Two weeks ago, there were three bomb incidents that have been reported to have been connected with terrorist groups. The attacks in Belgium and Iraq have been linked to ISIS (also referred to as ISIL or IS), while the Easter Sunday bombing in Pakistan is reported to have been done by the Taliban.
The Brussels attack was the first and most widely reported attack of the three in American media from two weeks ago. Piling on to his controversial trip to Cuba, President Obama found himself receiving even more criticism after the Brussels attack for the way he responded to the attack.
Obama had already been in Cuba for a couple days that week, meeting with Raul Castro, President of the Council State of Cuba. It was the first trip to Cuba by a sitting U.S. President since 1928. Whether one agrees or disagrees with Obama’s trip to Cuba, the trip in and of itself was an indisputably historic moment in international relations between the two countries.
On the morning of the attack, Obama and Castro had already planned to participate in watching an exhibition baseball game between the Cuban national team and the MLB’s Tampa Bay Rays. The baseball game being one of the trips’ last big moments, a moment Obama intended to be a ceremonial victory for relations between the two countries.
In other words, Obama was in the middle of a trip he considered to be an important initiative in final days of presidency, albeit with its fair share of criticism. And this trip was unexpectedly eclipsed by a terror attack in Belgium.
Terrorism at strikes unanticipated times. By its very nature, it is untimely and mostly unpredictable. In that sense, political leaders responding to terrorist incidents is not really an exact science. Diplomatic response to terrorist attacks are approached and handled differently on a case-by-case basis.
However, these considerations do not excuse the way Obama did choose to respond to the attack in Belgium while he was in Cuba.
Not knowing the attack would happen in Belgium that day, Obama had already planned to host a press conference in Cuba that morning for other reasons. After learning about the attack, Obama did include a statement about Brussels in that press conference and said he made a phone call to Belgian Prime Minister Charles Michel earlier that morning to offer his condolences.
While at the baseball game later that day, Obama was interviewed by ESPN commentators during the game and was offered a chance to comment on the Brussels attack again. All this to say Obama did respond, indeed, in multiple venues.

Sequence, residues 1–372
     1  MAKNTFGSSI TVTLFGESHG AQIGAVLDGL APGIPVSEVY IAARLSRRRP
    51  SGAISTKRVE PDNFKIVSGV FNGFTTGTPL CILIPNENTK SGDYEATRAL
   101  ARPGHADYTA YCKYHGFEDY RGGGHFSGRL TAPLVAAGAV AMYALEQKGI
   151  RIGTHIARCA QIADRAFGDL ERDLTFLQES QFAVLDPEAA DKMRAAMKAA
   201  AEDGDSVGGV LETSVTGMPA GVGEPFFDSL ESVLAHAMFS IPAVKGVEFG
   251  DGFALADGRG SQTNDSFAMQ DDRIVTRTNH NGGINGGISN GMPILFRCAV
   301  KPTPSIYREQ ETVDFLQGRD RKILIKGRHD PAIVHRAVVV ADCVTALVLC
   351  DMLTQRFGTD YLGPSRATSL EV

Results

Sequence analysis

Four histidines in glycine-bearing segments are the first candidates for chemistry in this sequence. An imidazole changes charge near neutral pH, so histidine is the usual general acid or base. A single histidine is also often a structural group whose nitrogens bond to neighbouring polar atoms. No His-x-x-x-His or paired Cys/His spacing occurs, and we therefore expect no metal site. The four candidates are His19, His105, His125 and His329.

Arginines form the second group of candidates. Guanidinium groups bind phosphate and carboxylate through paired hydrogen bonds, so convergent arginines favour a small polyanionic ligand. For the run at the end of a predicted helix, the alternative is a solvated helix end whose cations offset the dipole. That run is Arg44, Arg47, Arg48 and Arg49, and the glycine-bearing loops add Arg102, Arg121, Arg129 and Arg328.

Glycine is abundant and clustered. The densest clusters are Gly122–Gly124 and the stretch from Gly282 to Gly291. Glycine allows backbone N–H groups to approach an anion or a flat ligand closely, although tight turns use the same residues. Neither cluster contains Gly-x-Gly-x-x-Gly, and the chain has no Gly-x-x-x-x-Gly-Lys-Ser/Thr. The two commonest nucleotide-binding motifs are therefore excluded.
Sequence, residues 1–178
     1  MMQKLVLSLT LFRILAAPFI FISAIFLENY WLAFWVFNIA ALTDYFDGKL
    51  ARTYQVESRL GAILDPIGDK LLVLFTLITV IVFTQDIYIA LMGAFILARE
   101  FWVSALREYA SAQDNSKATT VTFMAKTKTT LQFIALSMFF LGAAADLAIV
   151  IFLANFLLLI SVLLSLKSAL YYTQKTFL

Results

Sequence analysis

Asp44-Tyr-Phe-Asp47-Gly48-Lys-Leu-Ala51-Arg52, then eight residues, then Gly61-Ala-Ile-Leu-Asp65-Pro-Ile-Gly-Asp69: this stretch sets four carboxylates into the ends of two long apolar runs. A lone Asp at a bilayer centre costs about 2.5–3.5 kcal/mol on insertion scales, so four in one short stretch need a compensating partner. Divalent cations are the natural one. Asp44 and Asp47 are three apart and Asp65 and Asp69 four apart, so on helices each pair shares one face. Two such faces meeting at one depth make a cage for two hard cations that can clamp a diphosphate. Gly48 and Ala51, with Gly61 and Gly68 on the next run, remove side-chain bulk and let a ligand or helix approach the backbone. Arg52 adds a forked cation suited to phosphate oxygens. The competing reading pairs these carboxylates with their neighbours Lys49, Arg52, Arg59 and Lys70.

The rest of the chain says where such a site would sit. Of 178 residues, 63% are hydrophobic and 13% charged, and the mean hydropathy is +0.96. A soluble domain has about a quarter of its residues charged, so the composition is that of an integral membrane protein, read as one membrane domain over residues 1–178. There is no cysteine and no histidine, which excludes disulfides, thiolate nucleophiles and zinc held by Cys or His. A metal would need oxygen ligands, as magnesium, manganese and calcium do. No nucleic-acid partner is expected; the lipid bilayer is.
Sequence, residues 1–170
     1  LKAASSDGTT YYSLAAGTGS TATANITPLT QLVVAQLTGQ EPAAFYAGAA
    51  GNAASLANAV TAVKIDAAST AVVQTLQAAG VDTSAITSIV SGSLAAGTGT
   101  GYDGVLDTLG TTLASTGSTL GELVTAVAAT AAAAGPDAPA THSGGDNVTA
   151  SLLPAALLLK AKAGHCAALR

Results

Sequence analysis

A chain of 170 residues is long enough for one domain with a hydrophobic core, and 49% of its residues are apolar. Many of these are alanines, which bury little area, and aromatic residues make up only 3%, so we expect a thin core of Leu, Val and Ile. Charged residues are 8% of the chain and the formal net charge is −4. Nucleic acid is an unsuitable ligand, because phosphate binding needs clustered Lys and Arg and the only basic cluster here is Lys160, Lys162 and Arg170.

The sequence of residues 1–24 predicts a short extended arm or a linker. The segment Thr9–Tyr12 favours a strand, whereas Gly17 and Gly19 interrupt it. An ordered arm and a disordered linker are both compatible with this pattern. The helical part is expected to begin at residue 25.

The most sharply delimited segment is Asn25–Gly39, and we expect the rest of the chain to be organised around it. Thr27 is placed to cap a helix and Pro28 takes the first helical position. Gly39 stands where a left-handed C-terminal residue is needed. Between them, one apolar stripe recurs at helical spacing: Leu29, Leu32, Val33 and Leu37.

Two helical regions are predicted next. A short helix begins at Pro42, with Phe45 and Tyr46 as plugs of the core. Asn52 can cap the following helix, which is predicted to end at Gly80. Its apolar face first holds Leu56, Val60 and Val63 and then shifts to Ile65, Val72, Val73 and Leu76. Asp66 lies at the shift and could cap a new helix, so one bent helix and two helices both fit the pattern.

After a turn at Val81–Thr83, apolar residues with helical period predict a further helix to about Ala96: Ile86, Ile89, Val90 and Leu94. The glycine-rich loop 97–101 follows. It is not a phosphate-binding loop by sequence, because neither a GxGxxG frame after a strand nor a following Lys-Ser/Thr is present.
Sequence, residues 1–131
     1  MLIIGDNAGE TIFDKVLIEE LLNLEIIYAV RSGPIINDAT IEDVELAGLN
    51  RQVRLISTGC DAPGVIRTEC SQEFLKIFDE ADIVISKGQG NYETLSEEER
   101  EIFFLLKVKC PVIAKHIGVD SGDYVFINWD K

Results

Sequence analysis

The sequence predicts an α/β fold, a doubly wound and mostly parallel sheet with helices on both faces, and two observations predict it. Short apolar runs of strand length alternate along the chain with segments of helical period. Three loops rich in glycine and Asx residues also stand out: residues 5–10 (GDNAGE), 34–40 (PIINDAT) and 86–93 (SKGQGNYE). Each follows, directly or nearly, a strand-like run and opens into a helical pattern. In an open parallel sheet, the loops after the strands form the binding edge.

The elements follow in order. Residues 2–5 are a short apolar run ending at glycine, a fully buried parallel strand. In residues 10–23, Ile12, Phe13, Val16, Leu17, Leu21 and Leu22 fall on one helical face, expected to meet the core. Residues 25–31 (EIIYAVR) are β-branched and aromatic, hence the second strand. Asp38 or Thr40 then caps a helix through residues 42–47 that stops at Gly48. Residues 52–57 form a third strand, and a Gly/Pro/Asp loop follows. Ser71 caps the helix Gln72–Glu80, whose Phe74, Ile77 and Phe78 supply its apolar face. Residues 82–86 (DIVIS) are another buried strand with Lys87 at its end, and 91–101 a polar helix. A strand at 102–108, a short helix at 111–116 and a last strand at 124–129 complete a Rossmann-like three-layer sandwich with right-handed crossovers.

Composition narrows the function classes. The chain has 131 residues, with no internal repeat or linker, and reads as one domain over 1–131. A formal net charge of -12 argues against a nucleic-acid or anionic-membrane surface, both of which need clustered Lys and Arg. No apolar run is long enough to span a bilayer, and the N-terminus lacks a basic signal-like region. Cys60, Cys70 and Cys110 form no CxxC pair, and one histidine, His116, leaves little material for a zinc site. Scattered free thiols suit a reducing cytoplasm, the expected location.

But it wasn’t necessarily Obama’s words that sent a limp message to Americans and America’s allies in the fight against terrorism. It was his choice to continue his daily agenda mostly uninterrupted and seemingly unphased by the attack in Belgium that showed a lack of decorum. The juxtaposition of the two events – while Brussels burns, Obama enjoys a baseball game in the tropical breeze of Cuba – is a rather cruel one.
Just a few days later during Obama’s visit to Argentina, the aforementioned juxtaposition developed in way that apparently tipped the scales against Obama even more. Pictures began to circulate of Obama dancing a tango while in Argentina, a national pastime and cultural dance in the South American country. This came after the bombings in Iraq and Pakistan which each took even more lives than the attack in Belgium.
Granted, if there hadn’t been a terrorist attack, or three, for that matter, this picture of the tango probably would’ve been one that produced some laughs and a kind of comic relief for American daytime news. Like the baseball game, the dance was a kind of ceremonial joining of two countries – an intended positive moment.
But there were terrorist attacks. And this wasn’t a time for jokes and dancing.
People die every day around the world. Some may be asking, at what point does the president draw the line? Is he supposed to stop his trips and his schedule for every single killing?
To put it simply, of course not. But consider the significance of these attacks based on who was responsible for them. Two of the attacks were claimed acts of terror by ISIS, a group that Obama and the U.S. in general have placed massive focus on and directly addressed as a national security concern the U.S. will fight against.
Granted, the methods of which Congress and the president have proposed for dealing with ISIS do differ, but the acknowledgement of the existent of the threat it poses is not really a matter of dispute. In other words, Obama himself has said ISIS is a matter of concern that falls under his responsibility as commander in chief.
Therefore, these weren’t just some killings that happened and are inconsequential to the U.S. On the contrary, these were specific events done by certain groups of interest that warrant a better response from the president.